As mentioned on Sept 24th GM was close to selling its European subsidiary Opel, which also includes the UK brand name Vauxhall, to the Canadian car parts manufacturer Magna. Today GM announced that it had reversed the decision to sell Opel to Magna, and would instead be pressing ahead with 10,000 redundancies in Europe, from a workforce of 55,000. This decision was motivated by a wish to remain within the European market, which GM says is starting to improve. GM are also thought not to want to miss out on expansion in the growing Russian market, a motive perhaps driven by the US Government's wish to float GM on the stock exchange as soon as possible. It will be easier to do this if GM has strong growth prospects. Meanwhile the German government and car unions are unhappy with GM's decision as they had negotiated a guarantee from Magna not to close any German factories. The German government is now also demanding the return of a €1.5bn bridging loan made to Opel to keep it going while the sale was negotiating, while the IG Metall union has announced a series of walk-outs in protest. Meanwhile in the UK the government and trade unions welcomed the news as it meant that factory closures in the UK now seem less likely. Even the Russians are in the mix - their state owned Sberbank had provided capital for the Magna takeover, and Russian Prime Minister Vladimir Putin announced that the Sberbank-Magna consortium would 'carry out a deep legal analysis of the situation' with GM.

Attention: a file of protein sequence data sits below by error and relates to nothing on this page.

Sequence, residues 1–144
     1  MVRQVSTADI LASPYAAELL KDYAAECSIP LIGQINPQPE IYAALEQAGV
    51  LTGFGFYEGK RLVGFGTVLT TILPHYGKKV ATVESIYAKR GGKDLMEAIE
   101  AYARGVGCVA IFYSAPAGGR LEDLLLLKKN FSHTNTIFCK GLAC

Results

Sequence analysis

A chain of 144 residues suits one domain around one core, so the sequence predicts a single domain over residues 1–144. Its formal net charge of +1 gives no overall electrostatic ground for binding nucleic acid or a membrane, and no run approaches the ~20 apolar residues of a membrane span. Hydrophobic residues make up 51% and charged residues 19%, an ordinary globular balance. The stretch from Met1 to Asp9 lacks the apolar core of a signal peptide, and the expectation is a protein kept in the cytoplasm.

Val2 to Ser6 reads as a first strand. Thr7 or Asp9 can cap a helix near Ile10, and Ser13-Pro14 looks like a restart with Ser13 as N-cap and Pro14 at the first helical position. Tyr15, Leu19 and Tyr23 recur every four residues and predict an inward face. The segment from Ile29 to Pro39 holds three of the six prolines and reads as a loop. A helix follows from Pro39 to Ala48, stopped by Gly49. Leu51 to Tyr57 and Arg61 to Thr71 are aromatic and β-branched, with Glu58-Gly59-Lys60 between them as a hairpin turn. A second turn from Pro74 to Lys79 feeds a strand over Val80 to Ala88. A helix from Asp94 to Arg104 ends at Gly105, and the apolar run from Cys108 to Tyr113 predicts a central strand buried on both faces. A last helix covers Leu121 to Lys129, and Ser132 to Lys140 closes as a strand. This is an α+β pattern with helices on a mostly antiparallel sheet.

Why then are all these governments fighting for their share of influence over GM? The US, Canada, Germany, and the UK can all be considered to have mature economies, while Russia's economy perhaps presents the main growth opportunity for the car manufacturing industry. It appears that the western governments were again acting to try to halt the long term decline of car manufacturing in their particular jurisdictions. Yet it surely seems likely that while government intervention may prolong the decline of the industry, as previously argued emerging economies like Russia are likely to be in a position to maintain production most economically in future. To complicate matters we now have an SOE in the unusual position of operating across borders, although as with other SOEs that operate across borders such as Électricité de France or Deutsche Bahn, it is unclear why the firm should be an SOE if it is operated like a private firm. Once again, it is clear that governments should accept that if an industry is declining, the government should concentrate on encouraging replacement industries to develop, rather than trying to keep dead ducks alive.